7. Share your content on social media
If you did a good job choosing relevant keywords for your individual blog articles in step six, you’ll start attracting prospects through Google searches before long. But there’s no reason not to proactively promote your new content as well. Social media – particularly LinkedIn – provides a perfect venue for sharing links to your articles in front of a relevant audience. Post them to your feed. Encourage others at your company to do the same. And if you want to get ambitious, seek out LinkedIn industry groups where you can participate in topical discussions and offer your articles as helpful answers to questions of others.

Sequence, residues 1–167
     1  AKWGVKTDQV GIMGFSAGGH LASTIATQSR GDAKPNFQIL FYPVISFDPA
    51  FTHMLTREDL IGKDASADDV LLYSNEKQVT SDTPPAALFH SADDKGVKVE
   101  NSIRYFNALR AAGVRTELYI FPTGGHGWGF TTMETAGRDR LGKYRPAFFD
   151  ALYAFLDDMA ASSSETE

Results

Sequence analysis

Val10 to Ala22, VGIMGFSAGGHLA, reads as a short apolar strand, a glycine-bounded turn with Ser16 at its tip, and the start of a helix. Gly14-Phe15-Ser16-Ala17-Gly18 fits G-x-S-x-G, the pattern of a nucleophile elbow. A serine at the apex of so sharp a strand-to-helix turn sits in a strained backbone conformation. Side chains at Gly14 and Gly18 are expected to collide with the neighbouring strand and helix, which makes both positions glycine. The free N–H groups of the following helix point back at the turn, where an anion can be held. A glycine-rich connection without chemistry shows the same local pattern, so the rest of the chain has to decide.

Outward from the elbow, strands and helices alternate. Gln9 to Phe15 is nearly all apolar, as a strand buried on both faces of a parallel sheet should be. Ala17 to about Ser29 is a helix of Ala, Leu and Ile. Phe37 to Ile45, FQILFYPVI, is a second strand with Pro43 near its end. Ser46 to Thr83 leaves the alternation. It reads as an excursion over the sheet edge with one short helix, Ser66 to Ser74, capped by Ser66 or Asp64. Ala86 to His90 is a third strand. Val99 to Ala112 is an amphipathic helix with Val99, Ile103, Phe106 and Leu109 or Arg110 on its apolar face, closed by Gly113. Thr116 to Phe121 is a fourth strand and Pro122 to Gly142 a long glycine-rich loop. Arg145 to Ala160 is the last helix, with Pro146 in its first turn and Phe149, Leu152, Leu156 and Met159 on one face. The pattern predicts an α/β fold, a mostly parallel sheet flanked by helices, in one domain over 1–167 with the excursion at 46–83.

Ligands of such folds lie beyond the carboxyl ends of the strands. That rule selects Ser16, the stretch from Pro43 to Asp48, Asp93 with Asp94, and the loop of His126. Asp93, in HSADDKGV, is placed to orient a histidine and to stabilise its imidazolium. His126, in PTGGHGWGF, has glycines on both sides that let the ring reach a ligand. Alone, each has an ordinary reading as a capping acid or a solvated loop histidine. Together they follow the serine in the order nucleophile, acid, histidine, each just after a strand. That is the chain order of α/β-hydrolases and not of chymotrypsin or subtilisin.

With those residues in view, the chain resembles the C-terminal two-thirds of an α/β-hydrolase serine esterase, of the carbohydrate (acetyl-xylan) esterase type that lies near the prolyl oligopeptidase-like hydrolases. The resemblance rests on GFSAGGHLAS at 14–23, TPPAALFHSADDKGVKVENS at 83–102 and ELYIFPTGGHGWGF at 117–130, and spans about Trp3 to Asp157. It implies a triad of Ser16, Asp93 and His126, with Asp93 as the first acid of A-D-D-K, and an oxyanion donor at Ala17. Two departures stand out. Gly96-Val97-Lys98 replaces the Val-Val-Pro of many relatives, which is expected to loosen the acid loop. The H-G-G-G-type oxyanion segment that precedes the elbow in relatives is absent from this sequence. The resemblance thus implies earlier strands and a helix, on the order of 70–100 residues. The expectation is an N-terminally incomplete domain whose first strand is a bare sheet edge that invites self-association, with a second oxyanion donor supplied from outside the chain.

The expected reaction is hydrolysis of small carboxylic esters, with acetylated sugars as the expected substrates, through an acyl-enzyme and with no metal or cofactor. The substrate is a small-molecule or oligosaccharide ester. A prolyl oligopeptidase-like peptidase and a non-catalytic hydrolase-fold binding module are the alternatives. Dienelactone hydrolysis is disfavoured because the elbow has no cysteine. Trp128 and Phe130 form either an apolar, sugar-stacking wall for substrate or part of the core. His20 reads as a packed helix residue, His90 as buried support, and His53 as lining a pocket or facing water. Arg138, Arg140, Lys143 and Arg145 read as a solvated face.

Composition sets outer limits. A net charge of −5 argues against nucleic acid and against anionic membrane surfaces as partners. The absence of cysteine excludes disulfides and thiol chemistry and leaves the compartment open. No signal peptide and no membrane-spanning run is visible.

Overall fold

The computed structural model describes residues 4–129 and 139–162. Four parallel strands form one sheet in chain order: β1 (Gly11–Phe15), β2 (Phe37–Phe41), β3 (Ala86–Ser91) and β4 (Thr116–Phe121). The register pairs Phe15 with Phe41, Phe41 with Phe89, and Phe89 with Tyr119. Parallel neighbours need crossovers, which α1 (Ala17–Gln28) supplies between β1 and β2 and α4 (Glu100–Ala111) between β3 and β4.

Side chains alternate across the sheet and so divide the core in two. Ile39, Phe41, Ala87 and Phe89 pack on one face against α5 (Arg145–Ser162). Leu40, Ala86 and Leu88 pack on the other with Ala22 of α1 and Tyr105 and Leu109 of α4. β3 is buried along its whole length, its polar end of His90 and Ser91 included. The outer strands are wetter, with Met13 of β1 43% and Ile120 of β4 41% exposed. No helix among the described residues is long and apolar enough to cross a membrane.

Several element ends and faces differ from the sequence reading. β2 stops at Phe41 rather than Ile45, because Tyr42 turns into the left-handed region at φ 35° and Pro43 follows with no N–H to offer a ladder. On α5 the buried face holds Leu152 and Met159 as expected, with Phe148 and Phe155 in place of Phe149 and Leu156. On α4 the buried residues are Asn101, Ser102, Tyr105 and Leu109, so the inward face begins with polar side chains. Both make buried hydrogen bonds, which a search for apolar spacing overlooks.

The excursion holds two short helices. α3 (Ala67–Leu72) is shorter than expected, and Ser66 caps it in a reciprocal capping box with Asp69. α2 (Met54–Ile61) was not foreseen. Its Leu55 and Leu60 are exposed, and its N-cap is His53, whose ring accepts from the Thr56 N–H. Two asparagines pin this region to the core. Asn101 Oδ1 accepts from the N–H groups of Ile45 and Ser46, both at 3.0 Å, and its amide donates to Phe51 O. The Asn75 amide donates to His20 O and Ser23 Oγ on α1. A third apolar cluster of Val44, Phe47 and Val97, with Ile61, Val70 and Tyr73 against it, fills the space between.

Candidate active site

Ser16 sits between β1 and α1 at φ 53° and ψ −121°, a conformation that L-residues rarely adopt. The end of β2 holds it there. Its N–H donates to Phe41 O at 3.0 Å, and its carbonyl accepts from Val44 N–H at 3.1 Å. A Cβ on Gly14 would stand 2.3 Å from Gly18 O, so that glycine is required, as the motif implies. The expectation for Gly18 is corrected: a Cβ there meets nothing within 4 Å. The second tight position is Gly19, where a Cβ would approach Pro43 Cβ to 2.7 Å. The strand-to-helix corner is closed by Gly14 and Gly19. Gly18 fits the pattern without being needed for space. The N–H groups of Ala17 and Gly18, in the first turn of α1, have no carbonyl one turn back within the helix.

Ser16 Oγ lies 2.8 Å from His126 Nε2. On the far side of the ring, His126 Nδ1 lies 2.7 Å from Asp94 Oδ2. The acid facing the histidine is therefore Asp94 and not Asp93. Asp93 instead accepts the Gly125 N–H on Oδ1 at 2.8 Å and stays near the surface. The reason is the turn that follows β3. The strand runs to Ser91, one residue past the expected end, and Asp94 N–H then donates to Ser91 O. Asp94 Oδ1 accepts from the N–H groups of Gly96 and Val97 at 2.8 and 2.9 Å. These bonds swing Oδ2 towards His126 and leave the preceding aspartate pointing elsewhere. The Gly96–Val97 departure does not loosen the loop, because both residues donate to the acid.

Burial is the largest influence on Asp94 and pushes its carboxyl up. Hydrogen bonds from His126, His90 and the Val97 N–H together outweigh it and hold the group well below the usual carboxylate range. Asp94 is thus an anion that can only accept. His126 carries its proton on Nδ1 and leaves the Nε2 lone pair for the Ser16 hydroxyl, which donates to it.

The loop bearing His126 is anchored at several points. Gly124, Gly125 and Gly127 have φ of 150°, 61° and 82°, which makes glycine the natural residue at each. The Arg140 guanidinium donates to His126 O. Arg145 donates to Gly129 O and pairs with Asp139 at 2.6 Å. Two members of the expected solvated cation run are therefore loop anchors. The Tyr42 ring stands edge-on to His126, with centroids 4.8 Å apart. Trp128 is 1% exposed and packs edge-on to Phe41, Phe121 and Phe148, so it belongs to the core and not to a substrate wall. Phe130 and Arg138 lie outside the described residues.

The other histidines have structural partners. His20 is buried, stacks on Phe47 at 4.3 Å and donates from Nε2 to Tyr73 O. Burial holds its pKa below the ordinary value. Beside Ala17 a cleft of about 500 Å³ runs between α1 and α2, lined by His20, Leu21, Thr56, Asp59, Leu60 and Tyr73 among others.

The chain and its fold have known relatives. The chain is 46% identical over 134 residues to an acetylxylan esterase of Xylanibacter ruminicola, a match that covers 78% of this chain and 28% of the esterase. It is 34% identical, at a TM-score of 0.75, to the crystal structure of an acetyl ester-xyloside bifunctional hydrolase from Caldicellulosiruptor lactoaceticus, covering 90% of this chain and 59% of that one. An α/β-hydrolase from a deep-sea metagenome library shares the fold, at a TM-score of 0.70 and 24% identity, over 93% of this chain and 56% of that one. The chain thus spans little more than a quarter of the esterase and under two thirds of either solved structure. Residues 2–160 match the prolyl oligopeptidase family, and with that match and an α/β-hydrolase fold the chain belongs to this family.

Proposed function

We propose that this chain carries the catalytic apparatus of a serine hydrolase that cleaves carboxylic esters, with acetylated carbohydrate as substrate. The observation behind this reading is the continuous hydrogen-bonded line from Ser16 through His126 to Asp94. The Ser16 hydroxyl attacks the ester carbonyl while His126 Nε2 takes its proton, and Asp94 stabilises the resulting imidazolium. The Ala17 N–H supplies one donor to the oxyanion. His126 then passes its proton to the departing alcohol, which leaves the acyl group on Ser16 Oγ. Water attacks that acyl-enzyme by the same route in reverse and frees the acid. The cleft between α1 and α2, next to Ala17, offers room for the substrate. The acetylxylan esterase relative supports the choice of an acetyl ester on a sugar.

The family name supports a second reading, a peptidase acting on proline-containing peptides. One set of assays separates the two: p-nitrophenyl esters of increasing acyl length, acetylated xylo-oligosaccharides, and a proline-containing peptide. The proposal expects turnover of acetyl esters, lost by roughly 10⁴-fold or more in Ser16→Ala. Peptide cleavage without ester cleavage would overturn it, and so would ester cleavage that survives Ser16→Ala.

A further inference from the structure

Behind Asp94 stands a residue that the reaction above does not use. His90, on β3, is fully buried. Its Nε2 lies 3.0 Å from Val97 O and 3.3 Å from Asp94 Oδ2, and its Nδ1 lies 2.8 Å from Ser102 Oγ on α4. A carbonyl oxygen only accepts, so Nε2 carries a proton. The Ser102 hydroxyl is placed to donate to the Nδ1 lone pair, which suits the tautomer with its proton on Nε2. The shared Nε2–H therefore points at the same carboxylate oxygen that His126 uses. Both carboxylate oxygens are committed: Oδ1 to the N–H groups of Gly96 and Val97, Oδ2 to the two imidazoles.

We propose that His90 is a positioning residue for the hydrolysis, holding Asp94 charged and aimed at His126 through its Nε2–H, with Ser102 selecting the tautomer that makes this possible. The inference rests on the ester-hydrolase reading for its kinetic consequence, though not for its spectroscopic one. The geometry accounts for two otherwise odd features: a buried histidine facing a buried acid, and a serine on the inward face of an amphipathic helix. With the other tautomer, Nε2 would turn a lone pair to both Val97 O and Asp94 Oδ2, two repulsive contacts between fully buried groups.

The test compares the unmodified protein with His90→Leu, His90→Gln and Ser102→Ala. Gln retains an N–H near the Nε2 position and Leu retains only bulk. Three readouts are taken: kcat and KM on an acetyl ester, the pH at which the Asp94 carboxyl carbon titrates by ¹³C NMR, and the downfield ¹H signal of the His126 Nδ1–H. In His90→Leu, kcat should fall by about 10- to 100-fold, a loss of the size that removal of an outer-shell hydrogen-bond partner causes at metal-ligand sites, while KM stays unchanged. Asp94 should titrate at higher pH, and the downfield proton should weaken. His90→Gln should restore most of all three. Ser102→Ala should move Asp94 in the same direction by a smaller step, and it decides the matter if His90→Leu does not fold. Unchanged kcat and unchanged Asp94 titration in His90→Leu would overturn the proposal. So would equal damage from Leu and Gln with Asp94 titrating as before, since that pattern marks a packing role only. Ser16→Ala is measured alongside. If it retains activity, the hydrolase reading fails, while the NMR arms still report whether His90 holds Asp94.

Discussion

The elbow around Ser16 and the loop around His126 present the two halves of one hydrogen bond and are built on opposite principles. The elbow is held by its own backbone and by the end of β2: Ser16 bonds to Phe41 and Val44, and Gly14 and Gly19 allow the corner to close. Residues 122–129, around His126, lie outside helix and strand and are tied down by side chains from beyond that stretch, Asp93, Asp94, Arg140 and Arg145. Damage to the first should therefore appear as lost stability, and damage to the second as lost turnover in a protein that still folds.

None of the above happens with the snap of a finger. But at the same time, marketing for manufacturers isn’t rocket science. Carve out the time, make the commitment to doing it right, and I’m confident you’ll succeed.
Joe Sullivan is a Partner at B2B marketing agency, Gorilla 76
Follow @ManufacturingGL and @NellWalkerMG
Ultium Cells LLC/Li-Cycle: Sustainable Battery Manufacturing
Ultium Cells LLC - a joint venture between General Motors and LG Energy Solutions - has announced its latest collaboration with Li-Cycle. Joining forces the two have set ambitions to expand recycling in North America, recycling up to 100% of the scrap materials in battery cell manufacturing
What is Ultium Cells LLC?